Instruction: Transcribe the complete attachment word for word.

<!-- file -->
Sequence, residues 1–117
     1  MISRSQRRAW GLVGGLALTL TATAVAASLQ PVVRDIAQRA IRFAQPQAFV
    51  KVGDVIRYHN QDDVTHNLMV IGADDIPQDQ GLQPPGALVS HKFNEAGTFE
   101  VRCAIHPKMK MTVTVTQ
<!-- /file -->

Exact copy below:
Sequence, residues 1–117
     1  MISRSQRRAW GLVGGLALTL TATAVAASLQ PVVRDIAQRA IRFAQPQAFV
    51  KVGDVIRYHN QDDVTHNLMV IGADDIPQDQ GLQPPGALVS HKFNEAGTFE
   101  VRCAIHPKMK MTVTVTQ